Carbon monoxide (hereafter referred by its chemical symbol CO)
This post could save your life. How many of you own a Carbon Monoxide alarm? If you do, good for you. Make sure that it is in good working order. The units do not last forever. Batteries need to be changed annually (at least) and some units suggest that you vacuum the cover monthly to remove accumulated dust. If you are one of the many who do not yet own one, please remedy that immediately. As of January, 2013, with few exceptions, it is the law.
Homes with a fireplace, attached, garage, any gas appliances are at higher risk but there are many different factors that can cause an elevated level. A friend of mine is a lawyer who was involved in a heartbreaking case where a guest at a Bay Area hotel sustained long term health impairment from an exposure. The victim’s room was above the hotel pool and a faulty boiler used to heat the pool vented carbon monoxide into his room. When he didn't show up for dinner, his friends found him unresponsive. It was a very alert physician in the emergency room who figured out the cause. It was only at that point that the hotel was evacuated. This is not an isolated incident.
As a result, my lawyer friend takes a portable detector along with him on all of his travels!
Because heaters and fireplaces are often involved, exposure is usually higher during the winter months.
Carbon monoxide is a colorless, odorless and tasteless poison gas that can be fatal when inhaled. CO binds to hemoglobin with much greater affinity than oxygen, forming carboxyhemoglobin (COHb). It is hundreds of times more efficient than oxygen at attaching to the cells, so even small amounts can deprive our bodies of vital oxygen. In severe cases, for folks who survive an exposure, it can cause irreversible brain damage by starving the brain of oxygen.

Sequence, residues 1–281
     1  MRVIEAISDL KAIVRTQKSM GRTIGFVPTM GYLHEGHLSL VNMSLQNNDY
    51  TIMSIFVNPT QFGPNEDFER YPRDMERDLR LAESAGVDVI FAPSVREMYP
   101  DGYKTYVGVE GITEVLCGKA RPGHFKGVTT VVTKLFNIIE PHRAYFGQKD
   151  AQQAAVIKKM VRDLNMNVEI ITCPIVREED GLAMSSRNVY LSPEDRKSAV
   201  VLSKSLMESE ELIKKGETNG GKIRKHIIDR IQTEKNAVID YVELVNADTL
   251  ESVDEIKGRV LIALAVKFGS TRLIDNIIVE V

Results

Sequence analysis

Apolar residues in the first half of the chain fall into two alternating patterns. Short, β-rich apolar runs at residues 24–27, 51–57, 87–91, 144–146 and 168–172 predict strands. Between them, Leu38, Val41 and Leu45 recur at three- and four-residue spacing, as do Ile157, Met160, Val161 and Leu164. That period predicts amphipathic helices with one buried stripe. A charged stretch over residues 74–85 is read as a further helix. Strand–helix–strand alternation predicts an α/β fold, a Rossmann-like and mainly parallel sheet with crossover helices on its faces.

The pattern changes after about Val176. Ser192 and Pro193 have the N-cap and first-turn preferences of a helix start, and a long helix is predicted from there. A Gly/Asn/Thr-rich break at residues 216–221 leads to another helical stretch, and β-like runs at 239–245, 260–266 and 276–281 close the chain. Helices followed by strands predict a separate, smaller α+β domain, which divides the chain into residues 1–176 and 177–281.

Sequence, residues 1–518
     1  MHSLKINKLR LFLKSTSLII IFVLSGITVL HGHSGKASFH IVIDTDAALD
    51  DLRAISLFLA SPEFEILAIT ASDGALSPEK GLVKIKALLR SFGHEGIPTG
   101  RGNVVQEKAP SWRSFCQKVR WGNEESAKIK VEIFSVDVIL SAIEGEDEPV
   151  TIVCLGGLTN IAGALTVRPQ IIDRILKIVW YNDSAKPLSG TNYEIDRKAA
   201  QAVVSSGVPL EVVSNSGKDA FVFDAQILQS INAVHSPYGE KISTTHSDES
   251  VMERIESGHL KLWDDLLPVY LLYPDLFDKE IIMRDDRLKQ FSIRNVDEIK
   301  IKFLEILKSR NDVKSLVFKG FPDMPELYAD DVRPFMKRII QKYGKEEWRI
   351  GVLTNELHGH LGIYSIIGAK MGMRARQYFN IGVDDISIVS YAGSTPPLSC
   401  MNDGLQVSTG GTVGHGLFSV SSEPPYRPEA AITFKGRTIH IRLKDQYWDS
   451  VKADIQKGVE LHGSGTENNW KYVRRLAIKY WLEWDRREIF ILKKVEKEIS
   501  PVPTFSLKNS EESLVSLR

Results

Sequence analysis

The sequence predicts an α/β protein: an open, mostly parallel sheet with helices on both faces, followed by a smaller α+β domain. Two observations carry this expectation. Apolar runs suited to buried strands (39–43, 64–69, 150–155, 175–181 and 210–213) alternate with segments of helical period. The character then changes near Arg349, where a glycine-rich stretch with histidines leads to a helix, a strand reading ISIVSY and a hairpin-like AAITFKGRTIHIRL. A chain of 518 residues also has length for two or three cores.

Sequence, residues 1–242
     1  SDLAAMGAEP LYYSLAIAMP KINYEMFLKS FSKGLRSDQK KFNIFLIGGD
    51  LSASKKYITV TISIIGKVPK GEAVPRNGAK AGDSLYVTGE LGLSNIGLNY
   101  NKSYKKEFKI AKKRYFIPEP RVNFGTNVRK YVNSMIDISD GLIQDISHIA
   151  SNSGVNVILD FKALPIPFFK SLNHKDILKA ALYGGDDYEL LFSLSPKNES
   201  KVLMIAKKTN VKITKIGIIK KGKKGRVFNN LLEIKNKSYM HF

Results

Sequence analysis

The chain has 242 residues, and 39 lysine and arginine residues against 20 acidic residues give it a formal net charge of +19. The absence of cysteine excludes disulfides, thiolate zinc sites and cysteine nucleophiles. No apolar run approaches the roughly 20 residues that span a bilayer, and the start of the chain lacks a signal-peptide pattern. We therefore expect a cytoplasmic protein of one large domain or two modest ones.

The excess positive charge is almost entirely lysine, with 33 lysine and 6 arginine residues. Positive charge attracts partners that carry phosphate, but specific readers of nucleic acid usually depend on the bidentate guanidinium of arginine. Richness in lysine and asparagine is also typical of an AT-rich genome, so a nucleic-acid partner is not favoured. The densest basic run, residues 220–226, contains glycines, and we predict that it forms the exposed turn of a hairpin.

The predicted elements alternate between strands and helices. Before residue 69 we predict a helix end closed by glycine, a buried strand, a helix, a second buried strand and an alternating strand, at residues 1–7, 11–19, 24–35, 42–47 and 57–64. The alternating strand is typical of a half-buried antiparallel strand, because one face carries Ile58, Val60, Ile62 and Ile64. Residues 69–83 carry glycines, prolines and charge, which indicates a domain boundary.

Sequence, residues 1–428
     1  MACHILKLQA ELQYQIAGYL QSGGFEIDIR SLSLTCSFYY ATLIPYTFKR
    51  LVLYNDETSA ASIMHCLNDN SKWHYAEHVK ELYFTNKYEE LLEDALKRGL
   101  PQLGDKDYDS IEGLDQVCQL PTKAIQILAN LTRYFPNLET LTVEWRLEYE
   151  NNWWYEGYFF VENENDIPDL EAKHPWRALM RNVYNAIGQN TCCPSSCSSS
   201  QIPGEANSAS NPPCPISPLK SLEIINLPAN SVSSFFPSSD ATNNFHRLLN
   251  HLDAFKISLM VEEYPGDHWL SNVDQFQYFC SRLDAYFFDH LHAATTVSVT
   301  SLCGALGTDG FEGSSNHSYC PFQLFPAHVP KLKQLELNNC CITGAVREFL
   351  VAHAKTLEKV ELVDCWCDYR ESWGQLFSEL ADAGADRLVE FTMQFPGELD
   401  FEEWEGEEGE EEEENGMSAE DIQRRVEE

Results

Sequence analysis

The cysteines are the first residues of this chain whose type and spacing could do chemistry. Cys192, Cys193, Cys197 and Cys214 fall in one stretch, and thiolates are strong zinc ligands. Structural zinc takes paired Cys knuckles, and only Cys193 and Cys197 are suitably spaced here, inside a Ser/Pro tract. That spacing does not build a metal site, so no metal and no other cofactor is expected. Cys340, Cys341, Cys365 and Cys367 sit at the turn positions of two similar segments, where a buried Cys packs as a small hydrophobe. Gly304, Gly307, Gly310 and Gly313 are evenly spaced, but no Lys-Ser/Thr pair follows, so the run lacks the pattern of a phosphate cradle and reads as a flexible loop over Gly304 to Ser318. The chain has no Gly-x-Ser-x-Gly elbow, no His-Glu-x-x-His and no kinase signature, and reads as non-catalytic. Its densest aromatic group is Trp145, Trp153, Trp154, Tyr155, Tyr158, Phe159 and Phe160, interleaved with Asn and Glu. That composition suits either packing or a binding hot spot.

Normally if someone is deprived of oxygen they may look pale or cyanotic (bluish); in the case of CO poisoning, the color will remain nice and pink. A standard pulse oximeter may not be an accurate indicator of where or not there is a problem. If carbon monoxide exposure is suspected a blood test can be done to check the carboxyhemoglobin level.
One of our local ER docs who allowed me to pick his brain added that one of the tricky things about CO poisoning is that the symptoms are very vague and nonspecific. A faster than normal heart rate (tachycardia) is the only really reliable physical exam finding.
Mild exposure might cause slight headache, nausea, vomiting and fatigue. This can easily be mistaken for flu or viral syndrome. Medium exposure symptoms would be a throbbing headache, drowsiness, confusion and a rapid heart rate. Extreme exposure will lead to unconsciousness, seizures, and cardio-respiratory failure that usually is fatal.
The effects of exposure can vary greatly from person to person depending on age, overall health, and the concentration and length of exposure. Young children and pets are thought to be especially vulnerable. Pregnant women should also be especially careful because the fetus can be seriously impacted.
A carbon monoxide alarm is similar to a smoke detector because it monitors the air in your home and sounds a loud alarm to alert you of trouble. However, the way you respond to a CO alarm is very different than a smoke detector. When a smoke detector goes off, it is pretty easy to to judge the level of danger. You can see or smell the smoke.
On the other hand, because CO is completely undetectable to your senses, you are dependent on the alarm to let you know there is a problem. If the alarm sounds:
Concentrations of CO between 1 and 30 ppm can often occur in normal, everyday conditions. See the chart below for CO levels and corresponding symptoms.
If your unit is coming to the end of it’s life it may give off multiple chirps to notify you that you need to replace the device or change the batteries. Newer alarms might be good for as long as 10 years. Ours has a digital display that will signal when it is time to replace it.
Just last month my daughter Alana had her CO alarm go off in her apartment in Michigan. She knew enough to get outside and call 911 immediately. After the fact she recounted her conversation with the fireman who had responded:
“I am worried about my cats, can you help get them out?”
“What do they look like?
“They are CATS, they are furry, have 4 feet and tails!”
Happily the kitties were all safety brought out of the apartment.
The best guess for what set off the alarm was something faulty with the air conditioning system. You may not think that your home is at risk, but there is NO downside for investing in an alarm (plus you are complying with the law.) They are inexpensive. If you are renting and there is not a unit in your apartment, call your landlord immediately and get that remedied.
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Friday, September 16, 2016
Posted by Nurse Judy at 8:43 AM